I am not one to read blogs, but I stumbled upon yours and just read your entire story (and many of your other posts). I am nearly in tears at how inspiring you are! You have such an amazing outlook at the entire weight loss journey. I have struggled my entire life with my weight and I am so glad that you gave me a different way to look at it. It isn’t about a true end goal, but a complete lifestyle change. So from the bottom of my heart, I want to say thank you! You have impacted me and my mindset in a positive way! I pray that your fitness lifestyle continues to inspire those that cross paths with you!
Fast forward to January of my senior year of college (the beginning of 2016). One day I decided to weigh myself – I never weighed myself throughout high school and college, mostly because I was scared of disappoint but also because I didn’t have access to a scale and didn’t want to buy one. I stepped on the scale, and I was the heaviest I’ve ever been. I felt embarrassed, shameful, and defeated. I knew I needed to finally commit to making a change. I wanted to commit to healthy eating and exercise because I thought weight loss would kickstart my journey to a healthier lifestyle.
Between his hilarious poetry, inspiring post-it notes, and top ten lists that make Letterman sound unoriginal, reading Jack Sh*T, Gettin' Fit can feel more like your daily dose of comedy than weight-loss advice. Of course you get that too, you're just laughing so hard you don't realize how good it is for you. Check out his post When Harry Met Salad to see what I mean.

Second, add “fermentable fibers” to your diet, which are also called prebiotics (sweet potato, yam, yucca, etc.) and eat a lot of fermented foods like kefir, sauerkraut, and certain types of yogurt (but most yogurts found in your grocery store are simply milk with sugar and are NOT healthy) You can also supplement with probiotics, but make sure to start slow and build up.

In reality, losing belly fat takes time. Although you probably won't completely transform your physique in two months, you can see progress in just a matter of eight weeks. Eric Bowling, an NASM-certified personal trainer at Ultimate Performance who helps clients with weight loss, told POPSUGAR you can achieve "drastic and tangible improvements" in eight weeks.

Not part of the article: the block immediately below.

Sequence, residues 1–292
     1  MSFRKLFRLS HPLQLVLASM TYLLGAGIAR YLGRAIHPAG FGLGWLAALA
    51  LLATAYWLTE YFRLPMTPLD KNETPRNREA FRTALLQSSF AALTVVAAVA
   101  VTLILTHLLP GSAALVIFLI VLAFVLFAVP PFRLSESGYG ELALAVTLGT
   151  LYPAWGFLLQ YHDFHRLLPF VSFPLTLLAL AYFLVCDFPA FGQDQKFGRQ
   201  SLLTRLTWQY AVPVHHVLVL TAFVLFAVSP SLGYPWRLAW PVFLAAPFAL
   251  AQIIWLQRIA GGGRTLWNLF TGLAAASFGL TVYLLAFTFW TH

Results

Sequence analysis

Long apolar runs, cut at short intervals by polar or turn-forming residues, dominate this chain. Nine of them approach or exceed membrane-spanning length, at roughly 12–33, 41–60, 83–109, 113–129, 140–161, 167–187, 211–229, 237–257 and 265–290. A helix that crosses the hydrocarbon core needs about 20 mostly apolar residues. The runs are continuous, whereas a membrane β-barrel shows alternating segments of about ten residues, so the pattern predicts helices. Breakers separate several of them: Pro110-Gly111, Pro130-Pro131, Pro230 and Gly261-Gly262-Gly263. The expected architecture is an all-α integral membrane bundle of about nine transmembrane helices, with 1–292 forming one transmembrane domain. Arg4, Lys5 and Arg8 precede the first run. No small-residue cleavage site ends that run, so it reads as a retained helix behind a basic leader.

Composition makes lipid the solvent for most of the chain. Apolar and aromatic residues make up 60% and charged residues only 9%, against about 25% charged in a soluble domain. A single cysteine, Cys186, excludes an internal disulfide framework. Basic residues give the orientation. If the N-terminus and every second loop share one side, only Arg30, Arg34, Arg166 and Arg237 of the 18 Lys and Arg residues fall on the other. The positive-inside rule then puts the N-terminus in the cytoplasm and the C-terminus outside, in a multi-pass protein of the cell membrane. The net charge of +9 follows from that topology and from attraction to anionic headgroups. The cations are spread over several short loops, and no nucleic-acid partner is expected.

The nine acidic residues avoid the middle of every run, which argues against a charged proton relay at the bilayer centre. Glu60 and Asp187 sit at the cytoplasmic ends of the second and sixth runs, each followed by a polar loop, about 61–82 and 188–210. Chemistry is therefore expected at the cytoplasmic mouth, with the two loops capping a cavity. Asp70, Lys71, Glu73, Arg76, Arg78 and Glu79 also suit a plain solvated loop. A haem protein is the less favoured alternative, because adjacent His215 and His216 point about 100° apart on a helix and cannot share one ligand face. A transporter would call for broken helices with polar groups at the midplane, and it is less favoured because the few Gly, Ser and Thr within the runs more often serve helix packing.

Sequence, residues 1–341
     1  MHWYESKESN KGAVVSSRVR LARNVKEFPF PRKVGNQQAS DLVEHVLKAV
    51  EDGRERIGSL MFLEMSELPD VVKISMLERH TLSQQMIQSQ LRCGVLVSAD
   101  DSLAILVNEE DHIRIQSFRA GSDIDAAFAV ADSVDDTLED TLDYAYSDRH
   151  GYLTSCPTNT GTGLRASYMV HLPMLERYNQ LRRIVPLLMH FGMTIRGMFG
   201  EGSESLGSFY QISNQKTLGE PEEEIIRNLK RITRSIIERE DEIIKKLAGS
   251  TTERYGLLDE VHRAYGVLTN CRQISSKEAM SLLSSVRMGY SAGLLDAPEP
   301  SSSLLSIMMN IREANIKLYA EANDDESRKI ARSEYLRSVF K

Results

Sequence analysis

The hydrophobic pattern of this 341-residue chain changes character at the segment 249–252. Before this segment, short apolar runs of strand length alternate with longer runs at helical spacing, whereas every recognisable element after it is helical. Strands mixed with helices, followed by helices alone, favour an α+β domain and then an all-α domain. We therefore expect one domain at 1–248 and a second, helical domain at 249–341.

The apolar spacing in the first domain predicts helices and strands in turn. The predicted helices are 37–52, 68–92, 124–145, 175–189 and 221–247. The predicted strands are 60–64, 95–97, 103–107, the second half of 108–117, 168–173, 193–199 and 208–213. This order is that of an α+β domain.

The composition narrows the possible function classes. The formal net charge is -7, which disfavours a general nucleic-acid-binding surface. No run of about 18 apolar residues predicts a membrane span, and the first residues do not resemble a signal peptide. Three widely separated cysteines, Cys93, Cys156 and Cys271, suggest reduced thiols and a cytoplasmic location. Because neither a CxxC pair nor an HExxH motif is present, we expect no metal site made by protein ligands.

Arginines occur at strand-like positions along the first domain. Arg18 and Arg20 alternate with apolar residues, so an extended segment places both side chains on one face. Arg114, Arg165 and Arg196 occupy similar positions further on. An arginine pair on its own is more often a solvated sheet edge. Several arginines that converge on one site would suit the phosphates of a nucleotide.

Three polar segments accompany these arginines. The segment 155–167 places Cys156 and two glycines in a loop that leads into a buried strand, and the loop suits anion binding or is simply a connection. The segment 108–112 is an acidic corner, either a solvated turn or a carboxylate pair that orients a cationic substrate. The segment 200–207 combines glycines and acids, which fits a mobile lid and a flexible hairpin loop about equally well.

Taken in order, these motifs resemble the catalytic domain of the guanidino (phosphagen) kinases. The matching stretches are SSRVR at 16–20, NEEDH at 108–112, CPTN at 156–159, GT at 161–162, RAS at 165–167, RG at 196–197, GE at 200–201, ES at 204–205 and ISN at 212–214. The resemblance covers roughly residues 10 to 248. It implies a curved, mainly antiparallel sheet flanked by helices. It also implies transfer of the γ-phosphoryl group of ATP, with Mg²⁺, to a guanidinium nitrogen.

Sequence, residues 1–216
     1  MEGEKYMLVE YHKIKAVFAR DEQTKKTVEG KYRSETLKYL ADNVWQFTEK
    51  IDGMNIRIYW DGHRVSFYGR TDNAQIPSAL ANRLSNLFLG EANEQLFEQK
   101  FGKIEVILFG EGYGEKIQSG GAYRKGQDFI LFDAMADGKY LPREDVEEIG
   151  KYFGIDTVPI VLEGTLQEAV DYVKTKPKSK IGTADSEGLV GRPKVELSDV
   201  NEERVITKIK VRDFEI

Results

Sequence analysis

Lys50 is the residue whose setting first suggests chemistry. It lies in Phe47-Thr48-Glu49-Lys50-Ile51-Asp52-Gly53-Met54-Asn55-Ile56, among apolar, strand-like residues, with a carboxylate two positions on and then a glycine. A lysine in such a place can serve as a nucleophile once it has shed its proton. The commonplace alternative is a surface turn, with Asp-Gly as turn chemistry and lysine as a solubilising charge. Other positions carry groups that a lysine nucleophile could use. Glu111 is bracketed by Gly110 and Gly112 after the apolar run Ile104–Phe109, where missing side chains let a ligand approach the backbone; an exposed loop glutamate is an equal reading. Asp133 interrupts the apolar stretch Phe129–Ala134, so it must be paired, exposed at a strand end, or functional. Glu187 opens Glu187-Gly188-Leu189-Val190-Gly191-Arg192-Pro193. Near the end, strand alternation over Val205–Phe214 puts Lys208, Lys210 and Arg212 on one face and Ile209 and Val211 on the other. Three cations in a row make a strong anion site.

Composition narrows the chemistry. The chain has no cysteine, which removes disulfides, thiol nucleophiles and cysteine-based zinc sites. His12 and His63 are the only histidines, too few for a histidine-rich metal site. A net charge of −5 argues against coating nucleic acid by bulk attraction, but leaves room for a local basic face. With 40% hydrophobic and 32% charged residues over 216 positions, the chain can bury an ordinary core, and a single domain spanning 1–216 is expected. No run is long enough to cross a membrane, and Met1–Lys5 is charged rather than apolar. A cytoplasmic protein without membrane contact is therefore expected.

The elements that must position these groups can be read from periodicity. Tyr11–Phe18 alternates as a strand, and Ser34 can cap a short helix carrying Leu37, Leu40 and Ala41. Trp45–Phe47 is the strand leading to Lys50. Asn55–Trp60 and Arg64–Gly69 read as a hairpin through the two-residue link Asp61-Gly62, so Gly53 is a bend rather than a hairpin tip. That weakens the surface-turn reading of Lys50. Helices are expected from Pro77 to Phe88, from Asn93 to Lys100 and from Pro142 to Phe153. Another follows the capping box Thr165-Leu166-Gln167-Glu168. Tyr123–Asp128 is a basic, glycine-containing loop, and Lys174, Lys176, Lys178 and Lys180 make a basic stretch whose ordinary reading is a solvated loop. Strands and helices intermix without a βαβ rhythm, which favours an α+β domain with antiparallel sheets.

Thank you so much for this article on carb cycling & weight loss for women! I found it tremendously helpful for personal reasons but also because I work with so many women (as a personal trainer) who encounter significant frustration when it comes to weight loss, health & hormonal status (the interplay among them). Your article seems to speak to mostly women of reproductive age or to women who are still menstruating. I also work with many women age 50+ and wondered what recommendations, if any, might you have to offer regarding carbs/carb cycling for peri-/menopausal/post-menopausal women? Thank you so much, Stefani – the info & wisdom you share on your blog & via your podcast (which I love!) are invaluable to me. I also totally dig your book and recommend it to other women all the time! I so appreciate the work you’re doing!
About: For some people, the idea of sweating it out in a gym or running for miles along the road is this side of awful. And for them, there’s Graceful Fitness, an approach that incorporates dance, yoga and deep-breathing — but also acknowledges the body’s limits and celebrates rest time. Plus, Graceful Fitness author Faith also has a unique approach to food — blending eating for health with eating for fun. It’s pretty much the peaceful way to incorporate fitness and healthy eating into your weight loss regime, and it’s all done by a young woman whose blog shows you step-by-step how to get there.